The first two days of the Republican National Convention have been criticized for a variety of things, from its dark, menacing tone to its lack of narrative pacing to the first walk out of a state delegation since, I believe, 1948 to allegations Melania Trump plagiarized portions of her speech by borrowing several sentences, virtually verbatim, from Michelle Obama’s 2008 Democratic National Convention address.
It’s too early to tell just how good or bad the RNC in 2016 is; we still have two more days to go so any verdict is clearly based on incomplete evidence. If Donald Trump wins in November, the problems of the convention will be forgotten, but if he loses it may join a pantheon of infamous national conventions that were so disorganized and combative that they clearly portended electoral disaster.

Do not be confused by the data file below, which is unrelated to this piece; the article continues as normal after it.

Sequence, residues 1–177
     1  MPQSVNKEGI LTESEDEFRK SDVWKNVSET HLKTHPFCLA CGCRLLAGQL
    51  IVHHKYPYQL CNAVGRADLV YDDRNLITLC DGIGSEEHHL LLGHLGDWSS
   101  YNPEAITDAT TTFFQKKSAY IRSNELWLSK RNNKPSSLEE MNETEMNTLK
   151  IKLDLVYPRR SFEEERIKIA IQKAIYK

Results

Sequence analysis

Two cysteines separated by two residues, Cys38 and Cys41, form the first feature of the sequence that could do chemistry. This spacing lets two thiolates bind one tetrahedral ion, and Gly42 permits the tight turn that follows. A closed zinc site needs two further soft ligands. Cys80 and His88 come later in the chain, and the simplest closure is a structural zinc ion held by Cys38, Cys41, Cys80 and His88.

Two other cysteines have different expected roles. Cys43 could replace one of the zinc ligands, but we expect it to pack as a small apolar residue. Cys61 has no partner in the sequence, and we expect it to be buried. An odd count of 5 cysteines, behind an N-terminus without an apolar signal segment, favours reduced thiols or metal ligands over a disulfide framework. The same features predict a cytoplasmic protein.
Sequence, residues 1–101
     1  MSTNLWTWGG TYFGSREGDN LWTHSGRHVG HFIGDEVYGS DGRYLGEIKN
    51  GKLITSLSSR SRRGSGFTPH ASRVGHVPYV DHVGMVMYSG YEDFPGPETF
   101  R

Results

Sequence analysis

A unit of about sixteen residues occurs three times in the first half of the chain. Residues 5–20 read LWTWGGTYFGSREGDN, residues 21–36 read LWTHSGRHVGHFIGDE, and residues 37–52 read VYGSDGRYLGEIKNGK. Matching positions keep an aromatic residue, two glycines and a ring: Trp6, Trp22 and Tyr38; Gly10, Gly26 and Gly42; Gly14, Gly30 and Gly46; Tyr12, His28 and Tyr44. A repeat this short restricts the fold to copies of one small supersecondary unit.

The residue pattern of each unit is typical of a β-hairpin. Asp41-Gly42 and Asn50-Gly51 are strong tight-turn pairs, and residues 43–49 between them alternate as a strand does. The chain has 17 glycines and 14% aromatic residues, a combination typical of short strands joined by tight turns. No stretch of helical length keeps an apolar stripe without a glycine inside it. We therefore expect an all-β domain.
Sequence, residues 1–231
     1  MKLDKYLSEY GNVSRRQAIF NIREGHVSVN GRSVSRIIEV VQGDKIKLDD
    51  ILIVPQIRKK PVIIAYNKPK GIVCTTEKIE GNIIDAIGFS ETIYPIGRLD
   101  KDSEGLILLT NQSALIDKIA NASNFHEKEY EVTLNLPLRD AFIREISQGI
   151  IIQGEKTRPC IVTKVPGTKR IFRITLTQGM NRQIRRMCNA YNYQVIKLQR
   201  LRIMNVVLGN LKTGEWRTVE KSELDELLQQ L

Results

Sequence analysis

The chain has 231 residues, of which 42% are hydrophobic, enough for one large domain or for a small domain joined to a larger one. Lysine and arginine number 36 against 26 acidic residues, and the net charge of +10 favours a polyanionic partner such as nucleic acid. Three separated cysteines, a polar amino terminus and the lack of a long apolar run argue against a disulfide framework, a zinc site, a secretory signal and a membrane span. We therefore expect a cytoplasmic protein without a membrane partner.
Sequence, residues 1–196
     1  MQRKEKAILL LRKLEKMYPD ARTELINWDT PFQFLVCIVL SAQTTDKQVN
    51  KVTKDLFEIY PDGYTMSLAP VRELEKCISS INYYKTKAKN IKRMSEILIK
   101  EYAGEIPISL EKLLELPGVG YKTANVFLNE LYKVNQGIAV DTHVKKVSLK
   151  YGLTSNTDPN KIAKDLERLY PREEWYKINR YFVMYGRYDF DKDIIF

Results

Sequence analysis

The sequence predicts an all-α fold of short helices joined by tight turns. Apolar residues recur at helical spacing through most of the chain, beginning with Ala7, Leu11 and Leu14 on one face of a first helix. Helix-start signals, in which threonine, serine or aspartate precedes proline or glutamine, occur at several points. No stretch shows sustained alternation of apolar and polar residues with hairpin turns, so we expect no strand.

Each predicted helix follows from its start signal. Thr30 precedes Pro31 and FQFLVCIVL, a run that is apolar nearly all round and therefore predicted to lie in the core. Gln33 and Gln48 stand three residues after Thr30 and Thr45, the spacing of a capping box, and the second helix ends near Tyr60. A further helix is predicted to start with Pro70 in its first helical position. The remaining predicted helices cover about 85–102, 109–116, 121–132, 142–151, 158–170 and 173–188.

The very worst national political convention had to have been the 1860 Democratic National Convention, which met in Charleston, South Carolina. Southern “Fire-Eaters” walked out of the convention to prevent Stephen Douglas from securing the nomination, as Douglas was a fierce opponent of secession. The Democrats had to reconvene six weeks later in Baltimore and secessionists bolted again, but this time Douglas had arranged for enough alternate delegates to provide a quorum for his nomination. In a four-man race, Douglas carried only one state (Missouri) in the fall election.
Douglas won only 29.5 percent of the popular vote, yet that was still better than the 28.8 percent of the popular vote John Davis won as the Democratic nominee in 1924 in a three-way race that included Progressive Robert LaFollette. Davis was chosen as the Democrats’ standard-bearer after an incredible 103 ballots during a convention torn apart over debates about the Ku Klux Klan. The convention was so arduous that Will Rogers joked that men who attended it would be asked one day by their children, “Father, were you in the big war?” And the father would reply, “No, son, but I went through the New York convention.”